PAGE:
An upcoming prosecution between two Hawke's Bay authorities has been labelled a disaster for ratepayers, as they will be funding both the prosecution and defence.

In one of the rare instances of council charging council, last week the Hawke's Bay Regional Council (HBRC) laid two charges against the Hastings District Council for the unlawful taking of water.

It follows the regional council's a investigation into the contamination of Havelock North's water in August.

Campylobactor in the suburb's water supply caused about 5200 people to become ill.

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The regional council found evidence of a breach of the maintenance conditions of a resource consent for the Brookvale Rd bores.

Residents have voiced their frustration that funding for this court action will be coming from their pockets.

Regional Council chairman Rex Graham said this court action had stuck ratepayers between the two authorities.

"It's a travesty that two councils funded by the same ratepayers are at each other's throats," he said. "Having said that, the Regional Council has some statutory duties they can't avoid.

"That's what we've got to do, and the ratepayers are stuck in the middle of it.

"That's the tragedy.

Although the council was abiding by the law, he said the timing of the prosecution was not good.

The district council will appear at Hastings District Court on November 28 - the same day as the second hearing for the Government Inquiry into the contamination commences.

Although New Zealand Taxpayers Union executive director Jordan Williams said the court action was a "disaster from a ratepayer's perspective" a waste of money, he did not blame HBRC for "enforcing the law".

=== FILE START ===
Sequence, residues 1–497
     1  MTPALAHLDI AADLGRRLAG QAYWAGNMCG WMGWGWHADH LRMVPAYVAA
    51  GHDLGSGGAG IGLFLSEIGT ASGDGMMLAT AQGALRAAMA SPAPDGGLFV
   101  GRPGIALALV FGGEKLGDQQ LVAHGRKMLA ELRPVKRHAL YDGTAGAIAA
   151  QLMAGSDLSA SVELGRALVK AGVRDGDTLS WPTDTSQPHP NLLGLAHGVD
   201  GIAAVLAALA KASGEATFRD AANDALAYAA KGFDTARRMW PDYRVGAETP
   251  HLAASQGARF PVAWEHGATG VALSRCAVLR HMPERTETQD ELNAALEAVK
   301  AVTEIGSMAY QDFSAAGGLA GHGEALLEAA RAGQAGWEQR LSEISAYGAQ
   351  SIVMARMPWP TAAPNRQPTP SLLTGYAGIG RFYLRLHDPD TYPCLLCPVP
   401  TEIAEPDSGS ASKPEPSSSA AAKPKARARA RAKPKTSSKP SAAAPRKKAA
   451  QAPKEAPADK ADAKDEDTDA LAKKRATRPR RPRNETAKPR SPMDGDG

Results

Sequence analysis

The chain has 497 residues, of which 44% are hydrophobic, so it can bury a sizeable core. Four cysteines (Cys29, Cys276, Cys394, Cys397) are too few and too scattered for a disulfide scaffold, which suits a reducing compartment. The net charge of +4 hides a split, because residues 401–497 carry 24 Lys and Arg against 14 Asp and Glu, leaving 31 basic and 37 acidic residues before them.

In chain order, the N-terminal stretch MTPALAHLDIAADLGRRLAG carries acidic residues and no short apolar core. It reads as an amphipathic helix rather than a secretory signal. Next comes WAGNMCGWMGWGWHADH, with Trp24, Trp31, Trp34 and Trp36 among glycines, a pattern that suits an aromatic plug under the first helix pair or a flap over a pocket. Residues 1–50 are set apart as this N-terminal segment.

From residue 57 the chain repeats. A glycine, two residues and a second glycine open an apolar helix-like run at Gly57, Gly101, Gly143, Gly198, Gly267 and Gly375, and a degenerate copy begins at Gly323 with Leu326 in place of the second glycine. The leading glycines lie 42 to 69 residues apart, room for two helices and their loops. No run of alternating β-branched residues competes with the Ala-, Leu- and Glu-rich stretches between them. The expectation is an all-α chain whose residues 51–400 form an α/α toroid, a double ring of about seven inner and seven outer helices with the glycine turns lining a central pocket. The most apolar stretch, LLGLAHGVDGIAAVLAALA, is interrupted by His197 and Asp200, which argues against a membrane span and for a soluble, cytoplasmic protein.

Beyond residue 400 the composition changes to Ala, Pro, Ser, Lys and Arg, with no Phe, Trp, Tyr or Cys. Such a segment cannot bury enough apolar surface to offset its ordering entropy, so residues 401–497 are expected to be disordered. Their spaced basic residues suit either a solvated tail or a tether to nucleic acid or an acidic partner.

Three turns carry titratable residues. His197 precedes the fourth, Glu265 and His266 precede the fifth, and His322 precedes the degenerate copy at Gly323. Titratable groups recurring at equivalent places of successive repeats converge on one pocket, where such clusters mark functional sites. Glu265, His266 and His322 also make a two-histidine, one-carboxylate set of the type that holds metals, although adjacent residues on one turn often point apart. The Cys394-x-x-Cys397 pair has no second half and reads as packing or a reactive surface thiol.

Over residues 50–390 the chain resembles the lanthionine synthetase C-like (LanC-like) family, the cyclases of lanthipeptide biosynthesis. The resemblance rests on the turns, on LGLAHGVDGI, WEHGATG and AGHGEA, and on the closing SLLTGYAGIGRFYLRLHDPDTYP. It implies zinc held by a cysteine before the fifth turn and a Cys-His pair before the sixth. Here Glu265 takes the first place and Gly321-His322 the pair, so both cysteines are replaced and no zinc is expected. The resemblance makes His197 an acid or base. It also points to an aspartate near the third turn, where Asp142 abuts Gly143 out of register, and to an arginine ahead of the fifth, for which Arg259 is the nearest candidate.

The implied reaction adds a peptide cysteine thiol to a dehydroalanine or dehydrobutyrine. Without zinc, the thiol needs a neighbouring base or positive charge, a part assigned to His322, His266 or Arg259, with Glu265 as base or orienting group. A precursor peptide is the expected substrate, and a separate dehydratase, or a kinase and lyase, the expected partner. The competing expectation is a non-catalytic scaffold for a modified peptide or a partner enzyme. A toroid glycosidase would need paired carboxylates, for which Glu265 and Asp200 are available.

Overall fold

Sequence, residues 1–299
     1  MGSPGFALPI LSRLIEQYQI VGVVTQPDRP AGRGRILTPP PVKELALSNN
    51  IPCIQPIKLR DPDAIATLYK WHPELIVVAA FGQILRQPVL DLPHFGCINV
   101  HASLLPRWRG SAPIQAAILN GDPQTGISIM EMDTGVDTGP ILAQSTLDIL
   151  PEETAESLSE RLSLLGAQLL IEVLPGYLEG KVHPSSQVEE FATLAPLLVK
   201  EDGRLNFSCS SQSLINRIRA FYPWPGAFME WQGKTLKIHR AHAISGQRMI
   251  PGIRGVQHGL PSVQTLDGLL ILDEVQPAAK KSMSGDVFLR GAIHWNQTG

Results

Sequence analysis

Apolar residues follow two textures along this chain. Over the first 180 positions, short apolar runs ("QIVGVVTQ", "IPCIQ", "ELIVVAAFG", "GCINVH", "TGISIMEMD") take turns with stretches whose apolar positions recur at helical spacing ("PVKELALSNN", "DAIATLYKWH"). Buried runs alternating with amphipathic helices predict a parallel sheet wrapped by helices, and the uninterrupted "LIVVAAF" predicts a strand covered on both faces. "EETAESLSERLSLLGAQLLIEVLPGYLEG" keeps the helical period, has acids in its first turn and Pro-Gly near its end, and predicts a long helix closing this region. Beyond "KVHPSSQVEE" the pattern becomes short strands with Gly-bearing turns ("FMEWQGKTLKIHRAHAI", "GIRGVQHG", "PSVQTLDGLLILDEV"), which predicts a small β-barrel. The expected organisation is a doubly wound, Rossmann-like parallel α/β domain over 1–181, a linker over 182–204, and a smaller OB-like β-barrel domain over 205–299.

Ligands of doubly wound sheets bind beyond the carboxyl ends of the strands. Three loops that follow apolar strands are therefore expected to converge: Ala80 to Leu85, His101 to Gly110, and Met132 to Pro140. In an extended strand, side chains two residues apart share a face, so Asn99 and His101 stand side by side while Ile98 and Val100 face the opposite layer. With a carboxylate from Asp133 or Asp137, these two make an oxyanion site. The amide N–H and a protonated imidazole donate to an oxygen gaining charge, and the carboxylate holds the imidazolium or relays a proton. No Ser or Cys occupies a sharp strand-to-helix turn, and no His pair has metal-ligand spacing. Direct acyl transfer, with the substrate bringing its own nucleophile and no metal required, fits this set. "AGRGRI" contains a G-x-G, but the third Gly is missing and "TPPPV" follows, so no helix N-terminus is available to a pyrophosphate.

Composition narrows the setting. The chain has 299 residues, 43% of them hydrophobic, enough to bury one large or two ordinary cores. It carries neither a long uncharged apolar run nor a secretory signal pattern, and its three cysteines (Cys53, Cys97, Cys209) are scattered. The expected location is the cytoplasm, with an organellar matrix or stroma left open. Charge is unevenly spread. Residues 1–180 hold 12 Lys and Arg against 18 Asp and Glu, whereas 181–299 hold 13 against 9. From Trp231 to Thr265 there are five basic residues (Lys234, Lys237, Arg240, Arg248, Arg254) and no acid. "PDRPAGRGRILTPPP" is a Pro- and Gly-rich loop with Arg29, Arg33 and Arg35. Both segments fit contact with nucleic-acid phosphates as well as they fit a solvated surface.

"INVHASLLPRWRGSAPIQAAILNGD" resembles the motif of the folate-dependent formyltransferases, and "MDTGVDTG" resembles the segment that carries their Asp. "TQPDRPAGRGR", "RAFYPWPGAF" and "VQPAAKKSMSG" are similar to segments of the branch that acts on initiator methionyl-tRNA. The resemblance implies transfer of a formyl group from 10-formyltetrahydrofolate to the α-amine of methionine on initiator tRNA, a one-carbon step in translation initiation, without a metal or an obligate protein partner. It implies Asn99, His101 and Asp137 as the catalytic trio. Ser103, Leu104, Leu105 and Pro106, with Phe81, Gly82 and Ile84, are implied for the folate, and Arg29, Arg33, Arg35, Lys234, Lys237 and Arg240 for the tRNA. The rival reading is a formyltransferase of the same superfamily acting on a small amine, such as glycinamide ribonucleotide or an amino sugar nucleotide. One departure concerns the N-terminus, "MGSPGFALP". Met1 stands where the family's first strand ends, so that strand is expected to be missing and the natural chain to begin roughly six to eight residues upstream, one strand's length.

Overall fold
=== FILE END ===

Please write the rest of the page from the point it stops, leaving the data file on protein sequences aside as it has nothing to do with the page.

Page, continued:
"In principal, although it is a waste of money we shouldn't be blaming that on the Regional Council, they're doing what they should be doing which is enforcing the law," he said.

"The blame lies squarely at the feet of those officials at Hastings District Council which appear to have breached the resource consent."

Hastings mayor Lawrence Yule said although the council had failed in their responsibility to deliver safe drinking water on this occasion, "we don't know where the blame lies just yet".

"We're responsible for the bores that supply the water, but not responsible for the aquifer."

Mr Yule said he understood the regional council had a role, but found it "a bit unfortunate that they've begun this now."

The district council are looking to see whether some of its legal costs could be covered through legal insurance.

Mr Yule said this "could well" cover the majority of the cost, but could not guarantee anything just yet.

Mr Williams said as well as Hastings ratepayers, residents of Central Hawke's Bay could also be worried about this development.

There had been a number of breaches of resource consent conditions from the Central Hawke's Bay District Council's wastewater treatment plants, he said, yet the regional council had never enforced this.

Earlier this year it was reported HBRC was reviewing the Waipukurau and Waipawa wastewater treatment plants, and could lay charges if CHBDC continued to breach its resource consents.

"If this is finally the regional council enforcing its own rules then it's probably not just Hastings ratepayers that will be in the gun, it may well be CHB down the line," he said.

"Enforcing the law . . . very rarely is that a waste of money."

In May 2006 the District Council was taken to the Environment Court by HBRC after one of its pumping stations spewed sewage into the Karamu Stream. The district council pleaded guilty and was convicted and discharged with no penalty.